The Next Energy Crisis? Peak Oil

Posted by Trish Riley, September 10, 2009

oilrigI understand the concept of Peak oil: We’ve used up the supply of readily available oil and from now on the resource will be dwindling. But I don’t follow the almost Bush-like tendency toward fear about this prospect. Yes, we won’t have oil, but HEY! We don’t want oil! Our objective as we attempt to clean up the planet is to reduce our reliance on oil and all synthetic chemical products that stem from it. So freaking out about the fact that we’ve got less of it in our future isn’t really appropriate to me. I am glad that the supply is dwindling, since we know that the more oil we use, the more damage we wreak upon the planet. Our objective is finding alternatives to oil so we can create a more sustainable future.

Here’s an article about Peak Oil:

While Peak Oil will be a global problem, this discussion focuses on its impact on the United States and what Americans can do in response and anticipation.

Two-thirds of the oil used in the U.S. is converted into fuel for transportation. Only about 3% of transportation in this country is powered by electricity. While a few types of vehicles have been converted to electric or hybrid power, no one has designed an electric airplane or a solar-powered bulldozer.

Thus, if we have an oil shortage, we have a transportation and distribution crisis. The spread of our cities, suburbs and exurbs has gone forward under the assumption that we could rely on cars–and cheap gas to power them. Just-in-time manufacturing and the globalization of production assume that trucks, trains and ships will be able to move parts and products with ease. We depend on cars and buses to get to schools, offices and hospitals. We once built compact cities that relied on walking or electrically powered buses and trains (like New York City and Boston), but as soon as workers could afford cars we chose another path.

A second major use of oil–about 25%–is as the raw material for the chemical and plastics industries. Petroleum is an ingredient in everything from pesticides to carpets, and the packaging these products come in. When the U.S. endured oil shortages in the 1970’s, one of the first scarcities to become evident was raw materials for chemicals and plastics.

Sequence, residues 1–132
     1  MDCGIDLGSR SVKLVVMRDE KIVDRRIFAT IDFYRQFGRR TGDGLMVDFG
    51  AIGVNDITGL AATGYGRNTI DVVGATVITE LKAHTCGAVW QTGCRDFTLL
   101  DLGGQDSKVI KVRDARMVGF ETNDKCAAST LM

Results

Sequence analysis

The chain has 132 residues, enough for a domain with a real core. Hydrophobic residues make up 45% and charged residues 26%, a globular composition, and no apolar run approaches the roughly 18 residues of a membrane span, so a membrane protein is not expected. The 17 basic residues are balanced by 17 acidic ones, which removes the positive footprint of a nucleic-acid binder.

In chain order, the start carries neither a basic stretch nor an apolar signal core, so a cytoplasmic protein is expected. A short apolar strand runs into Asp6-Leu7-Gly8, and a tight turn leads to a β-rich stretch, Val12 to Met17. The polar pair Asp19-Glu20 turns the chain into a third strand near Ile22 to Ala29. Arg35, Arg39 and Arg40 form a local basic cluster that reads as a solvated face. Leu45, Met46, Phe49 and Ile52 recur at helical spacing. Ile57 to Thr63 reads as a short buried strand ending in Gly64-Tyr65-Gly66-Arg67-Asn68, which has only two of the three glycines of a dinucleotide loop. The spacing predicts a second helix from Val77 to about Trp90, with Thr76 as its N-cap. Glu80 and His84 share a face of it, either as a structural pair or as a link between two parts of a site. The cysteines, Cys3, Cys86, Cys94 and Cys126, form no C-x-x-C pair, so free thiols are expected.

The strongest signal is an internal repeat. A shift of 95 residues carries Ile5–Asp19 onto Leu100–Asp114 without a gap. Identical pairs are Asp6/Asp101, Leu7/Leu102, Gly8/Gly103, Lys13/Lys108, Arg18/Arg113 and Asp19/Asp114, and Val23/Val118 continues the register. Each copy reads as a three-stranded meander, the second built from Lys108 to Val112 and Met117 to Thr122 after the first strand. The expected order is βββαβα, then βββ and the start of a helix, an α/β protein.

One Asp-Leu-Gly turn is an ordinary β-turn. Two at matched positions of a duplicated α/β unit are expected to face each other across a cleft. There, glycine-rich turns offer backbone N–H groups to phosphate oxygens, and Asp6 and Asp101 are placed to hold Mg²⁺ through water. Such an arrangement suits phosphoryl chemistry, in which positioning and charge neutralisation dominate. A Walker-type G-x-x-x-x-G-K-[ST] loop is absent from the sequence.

The balance of oil is mostly used for generating electricity (only about 3% to 5% of electricity produced comes from burning oil) or heating homes (especially in the Northeast).

FUEL FOR FOOD

From a different perspective, about one-third of all the oil and gas in the U.S. is used for food production in one form or another. Farmers use diesel-fueled tractors to spread oil-based pesticides and gas-based fertilizers on fields watered by central-point irrigation systems connected to electric pumps, then harvest the grain, ship it (by trucks, trains and barges) to feedlots for fattening chickens, cows and pigs, or to factories for

creating processed food that is then packaged in plastic, frozen (more electricity), shipped to warehouses or grocery stores and restaurants, sold to people, cooked and ultimately disposed of in landfills along with all the wastes created at every step of the process. It is estimated that 10 calories of energy from oil go into every food calorie consumed. It is further estimated that the average food item travels 1500 miles from the farm or feedlot to get to the consumer.

Another major user of oil is the military, from the fuel for tanks and airplanes and ships to the feeding of personnel and the upkeep of military bases around the world. Since one of the main missions of the American military is securing the flow of energy to our country, much of the defense budget could actually be considered a component of energy costs.

Peak Oil does not mean that oil will suddenly be unavailable at any price, but prices will certainly go up. The most immediate effect will be stagnation in the amount of oil available on the world market, and then supplies will gradually fall. ASPO projects that world production will fall from 84 million bpd today to 80 million in 2010 and 70 million in 2020. However, 84 million bpd today is 100% of demand, while 80 million in 2010 is only 86% of projected global demand and 70 million in 2020 is less than 60% of projected demand. Those are real shortages.

Can’t we just find more oil? The problem is that no “elephant” fields have been found worldwide since the early 1970s, and not for lack of looking. We shouldn’t rely on discovering another Saudi Arabia or West Texas-sized field in the next few months.

The bottom line is that much will change, but not in a disastrous way. We will have the opportunity to create or rebuild local communities and the massive consumption that we both enjoy and decry will gradually diminish. Since the perceived level of happiness in the population today is no greater than it was in the 1950s–when per capita GDP was less than half of current levels, we can clearly adjust to this challenge in a healthy way.

via The Next Energy Crisis.

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